As we used to say in the radio biz, “Here’s a blast from the past”: Life Gets Simpler When You Simplify – Grasshopper
I believe we take too many steps to get where we want to go; we rarely take the most direct route. That may be because of a lack of knowledge, bullheadedness or something else, but each of those pathways is a detour away from a simpler life.
You won’t get your knowledge from an advertisement. They’re mainly designed to show you where you are lacking and how their product or service will fill your void. Knowledge will come from someone who already has what you want. Find the person who has a simplified life and notice that their happiness quotient is higher than yours. Find out what they’re doing and do your version of it. That’s putting knowledge to use. That’s simplification.
Figuring it out on your own may take a lifetime and that’s just pure bullheadedness (translation, stupid). Again, there are people who have already blazed the trail. Follow in their footsteps. It’s the simplest way to simplify, and the smartest.
There is a principle of parsimony known as “Occam’s Razor” which states, “that among competing hypotheses, the one that makes the fewest assumptions should be selected.” Simplifying your life means to ignore the assumption that’s being sold to you and get sold on one that’s already working.
The simple life is not filled with conditions that need to be present for you to feel happy or peaceful. The simple life is celebrating victories wherever you find them vs. planning and scheming to have countless notches on your belt – a game of “who dies with the most?”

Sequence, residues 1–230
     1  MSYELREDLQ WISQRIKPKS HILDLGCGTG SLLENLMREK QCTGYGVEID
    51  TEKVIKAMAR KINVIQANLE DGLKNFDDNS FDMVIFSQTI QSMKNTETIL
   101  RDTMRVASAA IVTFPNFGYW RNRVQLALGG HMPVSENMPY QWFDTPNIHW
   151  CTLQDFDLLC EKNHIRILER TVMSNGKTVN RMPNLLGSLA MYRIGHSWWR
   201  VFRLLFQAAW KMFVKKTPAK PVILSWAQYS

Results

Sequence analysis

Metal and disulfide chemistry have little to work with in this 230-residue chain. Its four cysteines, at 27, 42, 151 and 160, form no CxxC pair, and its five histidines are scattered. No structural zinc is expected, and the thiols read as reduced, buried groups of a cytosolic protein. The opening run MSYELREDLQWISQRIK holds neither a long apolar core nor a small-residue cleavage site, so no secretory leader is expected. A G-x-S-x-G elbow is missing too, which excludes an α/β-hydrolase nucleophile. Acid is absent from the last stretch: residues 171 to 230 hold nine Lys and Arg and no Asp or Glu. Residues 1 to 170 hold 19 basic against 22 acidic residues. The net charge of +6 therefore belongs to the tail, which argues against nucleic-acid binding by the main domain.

Simplifying means taking stock of what you’re stocking up on and finding out if the effort is worth it. My experience is that the happiest people are respectful and thankful for everyday things that the striver takes for granted and doesn’t think are enough.
There is a questioning technique that continually asks, “What will that get you?” For example, if you say, “I want a big house with acres of land,” you are asked, “What will that get you?” You may answer, “The house I’ve wanted all my life.” Again, you’ll be asked, “What will that get you?” This back and forth can go on for a while until you drill down for a deeper answer that addresses what you really want. It’s usually some form of peace of mind or a feeling of happiness.
The goal isn’t really the house; it’s the feeling you believe you’ll have if you get your desire. Simplifying just has you go directly for the feeling without the conditions. We’ve assumed that “this, that and the other” has to be in place for us to be happy or feel at peace, and that’s complicated. It’s simpler than that. The peace and happiness of a simpler life are fewer assumptions away.
Certainly go after what you want, just don’t buy into someone else’s idea of what you should have to be more peaceful and happy.
If you find yourself continually striving and not arriving, it may be a signal to take the shortcut to the simpler life – appreciating what you have. It’s a lot more peaceful with a lot less strife.
All the best,
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